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“I’m from where the lost souls keep on fighting, Apostles of days that are tiring…”

This is the refrain that rounds off Awate’s ‘Cure’, a wearily defiant statement that rings especially true when you discover the track germinated during four court cases the London rapper was fighting against the police (he eventually beat all four). ‘Cure’ features lush, Madlib-esque production courtesy of Turkish Dcypha and verses that cover everything from school trouble to the 2011 London riots, while retaining a smooth, weightless flow that belies the gravity of the content.

Awate has been championed by everyone from award-winning actor Idris Elba to hip-hop legend Yasiin Bey (formerly Mos Def), and we’re extremely proud to host the premiere of ‘Cure’ for your enjoyment. The track comes from Awate’s forthcoming new EP, and to celebrate its release we thought we’d chuck a few questions his way…

What’s the track that’s sampled and reversed in ‘Cure’?

Awate: It’s a song that’s on my album, un-reversed. I just had a feeling it would sound ill backwards so I got my friend Komi who produced ‘La La La’ to reverse and send it to me. It has a hypnotic feeling to it.

The track was produced by Turkish Dcypha. How did you get involved with the Dcypha clan?

I met Turkish at a Mic Righteous and Lil Simz show in 2011 with my boy The Last Skeptik, who chucked on some beats for me to spit a verse. Turkish saw and spoke to me after the show. We linked up afterwards, I played him some songs and he was impressed so gave me a few beats. From there, he’s gone on to be my primary producer, my entire EP and LP are produced by him and he took over mixing the tracks from me as well. He’s my friend and producer so I’m not on Dcypha, though Sway is one of my favourite rappers and I visit their studio sometimes.

Both (previous single) ‘Fever’ and ‘Cure’ were inspired by problems with the law. How would you describe your relationship with the police, and how has that fed into your music?

‘Fever’ and ‘Cure’ were written just after the last of my four cases with the police, the only one I lost, so I wrote them in between that and appealing and winning. The police are the physically violent arm of a racist state so they’re inevitably going to hurt us. My situation was an especially difficult period that started with an illegal arrest on my council estate in Camden and carried on for three more things over the next two years. It affected my writing a lot, I thought about things a lot more, I became more intricate as a rapper and decided to knuckle down and record the best music of my life.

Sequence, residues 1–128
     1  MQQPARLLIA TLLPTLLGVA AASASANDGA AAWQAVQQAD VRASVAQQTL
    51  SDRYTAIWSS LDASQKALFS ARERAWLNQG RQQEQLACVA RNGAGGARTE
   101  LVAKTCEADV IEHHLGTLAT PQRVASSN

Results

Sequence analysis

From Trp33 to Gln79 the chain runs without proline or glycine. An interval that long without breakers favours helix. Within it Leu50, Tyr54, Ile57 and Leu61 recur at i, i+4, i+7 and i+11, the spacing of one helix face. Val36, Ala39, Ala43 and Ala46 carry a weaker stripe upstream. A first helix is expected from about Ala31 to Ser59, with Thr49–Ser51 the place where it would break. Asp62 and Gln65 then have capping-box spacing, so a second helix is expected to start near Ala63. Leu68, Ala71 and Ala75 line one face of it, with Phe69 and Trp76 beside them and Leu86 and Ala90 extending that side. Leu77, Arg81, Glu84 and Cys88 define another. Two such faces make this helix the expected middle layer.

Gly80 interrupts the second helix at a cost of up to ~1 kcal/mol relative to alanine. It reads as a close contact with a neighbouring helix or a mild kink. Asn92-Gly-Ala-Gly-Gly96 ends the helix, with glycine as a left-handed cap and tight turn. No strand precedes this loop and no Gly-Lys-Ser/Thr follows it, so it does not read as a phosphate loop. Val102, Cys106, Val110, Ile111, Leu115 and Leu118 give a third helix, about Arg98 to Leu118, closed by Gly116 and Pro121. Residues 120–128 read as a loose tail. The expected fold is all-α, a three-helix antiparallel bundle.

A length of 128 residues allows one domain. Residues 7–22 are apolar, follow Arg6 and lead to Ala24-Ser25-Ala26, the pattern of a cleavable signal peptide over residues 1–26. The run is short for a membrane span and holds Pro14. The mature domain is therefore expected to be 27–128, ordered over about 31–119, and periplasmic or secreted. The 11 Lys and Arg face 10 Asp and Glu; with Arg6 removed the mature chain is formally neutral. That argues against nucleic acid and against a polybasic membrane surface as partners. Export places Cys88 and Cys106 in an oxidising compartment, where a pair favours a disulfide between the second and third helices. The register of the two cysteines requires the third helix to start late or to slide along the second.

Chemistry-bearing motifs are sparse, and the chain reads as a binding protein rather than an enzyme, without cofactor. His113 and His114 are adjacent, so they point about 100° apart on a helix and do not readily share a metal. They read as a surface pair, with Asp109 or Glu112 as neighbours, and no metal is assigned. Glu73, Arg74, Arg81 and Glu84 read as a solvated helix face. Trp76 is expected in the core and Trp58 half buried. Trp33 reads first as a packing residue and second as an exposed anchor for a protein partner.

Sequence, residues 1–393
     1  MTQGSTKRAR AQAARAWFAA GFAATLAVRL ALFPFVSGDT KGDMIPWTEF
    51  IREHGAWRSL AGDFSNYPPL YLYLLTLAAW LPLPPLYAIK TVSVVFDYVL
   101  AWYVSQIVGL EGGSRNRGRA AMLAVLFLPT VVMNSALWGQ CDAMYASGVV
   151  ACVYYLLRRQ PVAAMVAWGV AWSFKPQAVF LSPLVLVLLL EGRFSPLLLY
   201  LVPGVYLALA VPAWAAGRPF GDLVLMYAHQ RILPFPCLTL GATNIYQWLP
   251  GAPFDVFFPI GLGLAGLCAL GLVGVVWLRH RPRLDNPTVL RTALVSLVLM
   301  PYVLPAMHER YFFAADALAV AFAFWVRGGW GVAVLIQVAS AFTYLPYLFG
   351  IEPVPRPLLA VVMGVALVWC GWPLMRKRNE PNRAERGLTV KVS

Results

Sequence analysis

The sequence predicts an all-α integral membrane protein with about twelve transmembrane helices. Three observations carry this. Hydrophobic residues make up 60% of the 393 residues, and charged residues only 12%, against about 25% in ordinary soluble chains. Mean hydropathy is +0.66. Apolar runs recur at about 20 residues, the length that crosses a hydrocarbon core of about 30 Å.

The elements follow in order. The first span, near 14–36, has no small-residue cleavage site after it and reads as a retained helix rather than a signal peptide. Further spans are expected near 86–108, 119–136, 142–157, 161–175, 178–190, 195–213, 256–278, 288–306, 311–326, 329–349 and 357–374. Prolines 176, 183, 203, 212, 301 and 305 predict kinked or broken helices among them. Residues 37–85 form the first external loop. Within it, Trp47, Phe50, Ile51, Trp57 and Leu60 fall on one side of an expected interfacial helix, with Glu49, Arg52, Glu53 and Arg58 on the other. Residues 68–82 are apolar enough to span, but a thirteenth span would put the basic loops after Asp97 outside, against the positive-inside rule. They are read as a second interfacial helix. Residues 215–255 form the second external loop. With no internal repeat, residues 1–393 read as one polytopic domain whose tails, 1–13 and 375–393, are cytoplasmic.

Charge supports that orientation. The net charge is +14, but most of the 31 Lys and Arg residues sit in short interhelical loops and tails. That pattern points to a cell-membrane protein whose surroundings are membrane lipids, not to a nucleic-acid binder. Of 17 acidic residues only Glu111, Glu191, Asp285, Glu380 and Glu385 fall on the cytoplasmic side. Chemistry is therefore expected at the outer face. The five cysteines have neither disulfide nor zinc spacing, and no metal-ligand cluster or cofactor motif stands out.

What is ‘Cure’ about?

It’s the other side of my previous tune, ‘Fever’. They’re both defiant but in different ways. ‘Fever”s bold whereas ‘Cure’ is less sure. The first verse is about my girlfriend and finding that joy in a dark time, then transitions into self-esteem. The second verse starts with a metaphor about the City of London and references the riots.

Idris Elba singled you out as one to watch a while ago. Did you know he was a fan? And who is the one artist you think people should be listening to right now?

Yeah, I got a call from DJ Semtex in 2010 saying that Idris really liked one of the freestyles I was putting out at the time and wanted to put me on the mixtape for his movie, Takers. That was ridiculous. Then a month later a few people contacted me saying he had mentioned me on BBC 1Xtra with Max so I put that at the start of my mixtape! I think he’s amazing, Luther is one of the best things on TV.

And one artist people should listen to is President T. His flows are unique in the game. Rhetorical questions, multiple voices, his own phrasebook that he constantly plays around with – he said “I was like ‘Oh my without the gosh.’ I was like ‘Oh my without that days.'” !!!!

Finally, your roots are in Eritrea, a country which has endured a difficult relationship with Ethiopia ever since the second world war. London hosts large Ethiopian and Eritrean communities – do tensions still exist between them here?

I don’t really know of any tensions in the diaspora. After WWII, we were still a colony of Italy, then handed over to Britain for ten years before the UN and the USA decided to give us to Ethiopia. That lead to the war that ended the day I was born in 1991. Awate means ‘victory’, which was my rap name from 2003-2009. The war is also why I was born in Saudi Arabia as Eritrea was unsafe for them. When I say “I came to this country hoping not to get sectioned,” it’s because I had a lot of problems growing up here as a refugee. I’ve never been to where I’m from. It’s a difficult situation.

You can keep up to date with Awate via Twitter, Facebook, YouTube, and his website: AwateMusic.com.

Kier Wiater-Carnihan

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